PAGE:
My life has this irritating habit of throwing its biggest changes at me while I'm completely in the nude.
Exhibit one, ten years ago: I was seventeen and enamored with a boy my parents hated, all for the completely unfair reason that he skipped school most days to smoke pot behind the local 7-Eleven. I'd snuck him up to my room, deciding against the back door in favor of the tree outside my window because it seemed so much more romantic. We were in the throes of quiet passion when my door flew open.
"Sadie?" my sister said, and her mouth dropped open. She was four years younger than me, so I would've felt bad for traumatizing her if I wasn't so busy screeching and scrambling for my clothes or a sheet or anything to cover up our naughty bits.
"Get out of here!" I grabbed the closest thing within reach—an old soccer trophy—and hurled it in her general direction for emphasis. It landed with a thunk on the rug, which made her jump and blink her eyes. "Get ouuuuuuuut!"
"Okay. Fine." She blinked again and adjusted her glasses. As she turned to go, she said over her shoulder, "By the way, Grandma died."
Exhibit two, six weeks ago: I was getting out of the shower when I heard my phone ding with a text. It was charging on the nightstand, so I picked it up on my way to the dresser. All I saw on the lock screen was that it was from Chef Derek Anders, my boss, and it started with, Hey Sadie '...' I sighed, figuring he was probably asking me to come in for a last-minute shift on the line. I entered my PIN and read the whole text.
Hey Sadie, I'm sorry but we're going to have to let you go.
Exhibit three, five weeks ago: I was walking around my apartment eating Nutella out of the jar with my fingers for breakfast, psyching myself up to put on fancy professional clothes and head out for my nine a.m. interview at the temp agency. My phone rang with a 212 number, which I knew was New York City, and the only reason I picked up was because I thought that the temp agency had its headquarters in New York and maybe they were calling to cancel the interview because 'what are you thinking, Sadie, all you've ever done is work in restaurants and all you've ever wanted to do is have your own, why are you trying to get an admin job at some obnoxiously hipstery tech company?'
It's not like I want to work at a tech company, I argued silently with the temp agency. 'It's that I've been blacklisted for the near future from the entire Seattle restaurant scene and need some way to earn money until all this fuss dies down.'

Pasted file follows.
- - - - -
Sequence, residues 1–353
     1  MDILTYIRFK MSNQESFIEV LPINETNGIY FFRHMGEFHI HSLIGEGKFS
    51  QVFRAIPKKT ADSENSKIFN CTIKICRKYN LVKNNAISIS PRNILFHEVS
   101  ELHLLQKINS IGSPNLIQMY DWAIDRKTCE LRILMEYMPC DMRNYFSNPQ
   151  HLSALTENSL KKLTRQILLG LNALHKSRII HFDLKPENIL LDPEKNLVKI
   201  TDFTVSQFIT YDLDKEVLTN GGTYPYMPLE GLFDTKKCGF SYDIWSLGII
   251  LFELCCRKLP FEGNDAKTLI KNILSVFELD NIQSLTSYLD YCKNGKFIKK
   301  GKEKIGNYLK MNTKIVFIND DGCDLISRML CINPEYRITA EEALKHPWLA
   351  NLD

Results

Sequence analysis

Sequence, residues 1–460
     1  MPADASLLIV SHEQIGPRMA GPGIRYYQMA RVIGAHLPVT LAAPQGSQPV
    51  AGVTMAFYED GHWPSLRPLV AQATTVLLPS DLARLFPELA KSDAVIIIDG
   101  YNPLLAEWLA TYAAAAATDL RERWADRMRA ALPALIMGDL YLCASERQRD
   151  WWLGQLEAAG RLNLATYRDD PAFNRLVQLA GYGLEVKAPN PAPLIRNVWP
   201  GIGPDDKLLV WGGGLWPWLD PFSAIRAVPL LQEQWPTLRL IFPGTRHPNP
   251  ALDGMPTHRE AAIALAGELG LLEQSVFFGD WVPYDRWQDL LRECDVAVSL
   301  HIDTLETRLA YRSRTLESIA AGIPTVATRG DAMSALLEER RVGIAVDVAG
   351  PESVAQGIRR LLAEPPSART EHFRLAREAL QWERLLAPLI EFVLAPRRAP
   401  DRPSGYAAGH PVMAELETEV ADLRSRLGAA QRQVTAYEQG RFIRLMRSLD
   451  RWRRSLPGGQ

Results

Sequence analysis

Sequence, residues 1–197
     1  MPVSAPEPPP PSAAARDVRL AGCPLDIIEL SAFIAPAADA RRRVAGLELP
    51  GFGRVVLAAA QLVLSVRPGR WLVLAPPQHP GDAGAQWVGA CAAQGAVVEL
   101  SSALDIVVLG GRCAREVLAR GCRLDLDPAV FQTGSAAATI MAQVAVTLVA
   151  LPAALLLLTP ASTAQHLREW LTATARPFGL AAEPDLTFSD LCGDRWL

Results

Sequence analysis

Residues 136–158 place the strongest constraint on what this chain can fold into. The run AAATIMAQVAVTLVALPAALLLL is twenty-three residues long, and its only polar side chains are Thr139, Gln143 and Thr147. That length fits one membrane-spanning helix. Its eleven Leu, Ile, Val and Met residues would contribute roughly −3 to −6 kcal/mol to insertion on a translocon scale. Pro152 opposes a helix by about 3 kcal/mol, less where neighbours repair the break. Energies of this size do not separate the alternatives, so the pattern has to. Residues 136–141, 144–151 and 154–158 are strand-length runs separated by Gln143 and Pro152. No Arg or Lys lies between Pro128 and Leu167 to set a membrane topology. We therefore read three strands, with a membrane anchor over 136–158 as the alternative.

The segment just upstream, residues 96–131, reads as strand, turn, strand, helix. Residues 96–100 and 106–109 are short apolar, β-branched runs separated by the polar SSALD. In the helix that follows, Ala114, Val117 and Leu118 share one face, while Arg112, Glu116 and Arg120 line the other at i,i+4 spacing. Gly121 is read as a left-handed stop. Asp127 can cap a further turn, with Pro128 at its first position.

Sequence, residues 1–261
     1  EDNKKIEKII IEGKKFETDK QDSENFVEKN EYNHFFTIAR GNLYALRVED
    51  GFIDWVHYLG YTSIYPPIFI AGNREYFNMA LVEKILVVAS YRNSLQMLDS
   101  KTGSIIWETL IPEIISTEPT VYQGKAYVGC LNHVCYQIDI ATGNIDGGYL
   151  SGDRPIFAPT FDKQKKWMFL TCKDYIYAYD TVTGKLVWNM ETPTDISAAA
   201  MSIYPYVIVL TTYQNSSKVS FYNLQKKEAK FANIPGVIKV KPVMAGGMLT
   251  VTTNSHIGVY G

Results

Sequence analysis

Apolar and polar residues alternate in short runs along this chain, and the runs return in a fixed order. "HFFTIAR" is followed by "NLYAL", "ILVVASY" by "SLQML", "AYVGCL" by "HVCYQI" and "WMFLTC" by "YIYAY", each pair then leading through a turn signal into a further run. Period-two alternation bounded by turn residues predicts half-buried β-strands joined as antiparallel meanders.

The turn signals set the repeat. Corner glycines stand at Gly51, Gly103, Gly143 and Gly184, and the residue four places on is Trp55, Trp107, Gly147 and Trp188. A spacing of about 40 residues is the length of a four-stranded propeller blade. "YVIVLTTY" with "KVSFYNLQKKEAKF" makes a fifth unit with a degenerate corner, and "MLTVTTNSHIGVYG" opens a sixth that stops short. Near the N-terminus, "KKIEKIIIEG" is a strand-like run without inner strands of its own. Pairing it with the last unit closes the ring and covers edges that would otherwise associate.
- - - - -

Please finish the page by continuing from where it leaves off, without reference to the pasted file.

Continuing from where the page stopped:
The temp agency scoffed in my head. Yeah, okay. Like you could do a fancy office job. All you can do is work the line, and now you can't even do that anymore. You're worthless.
I picked up the phone, my shoulders already drooping. "Hello, this is Sadie Rosen."
"Hi, Sadie!" It was a woman on the other end, her tone far too chipper for this hour of the morning. "My name is Adrianna Rogalsky, and I'm calling from 'Chef Supreme'. Is this a good time?"
I almost dropped my phone. "Yes!" I cleared my throat, trying to keep from squeaking the way I did when I got too excited. "I mean yes, this is a good time."
"Great!" Adrianna chirped. "I'm calling to tell you that the committee really liked your application and your cooking video. Would you mind answering a few more questions for me?"
My eyes involuntarily darted to my bookshelf, which consisted mainly of cookbooks. I spent too much time in restaurant kitchens to cook much from them—or at least, up until a week ago I had—but I liked flipping through them to gather ideas and marvel at the food photography. Five were written by winners of 'Chef Supreme', and four by runners-up and semifinalists. I'd watched every episode of all six seasons, seated on the edge of my couch to goggle at every cooking challenge and winning dish and contestant who cried when eliminated.
Season three's winner, Seattle's Julie Chee, was my culinary idol. Derek, my boss, had taken me by her restaurant after-hours one day. She'd laughed when I told her how I'd been rooting for her all season, patted my head like I was a little kid, and then cooked me a grilled cheese with bacon and kimchi. It was the best night of my life. Right after that, I'd started dreaming about competing on the show myself.
And if I didn't get on my game, that dream was going to evaporate like a pot of boiling water forgotten on the stove. I mean, I didn't really think I was actually going to make it on the show, but it wasn't like I was going to hang up on someone from Chef Supreme. "Sorry!" I said. "Bad connection for a minute there. Yes, I'd love to answer some questions." I shook my head and grimaced. Love? 'Love' was a strong word. I should've said I'd 'be happy' to answer some questions. Now Adrianna was probably—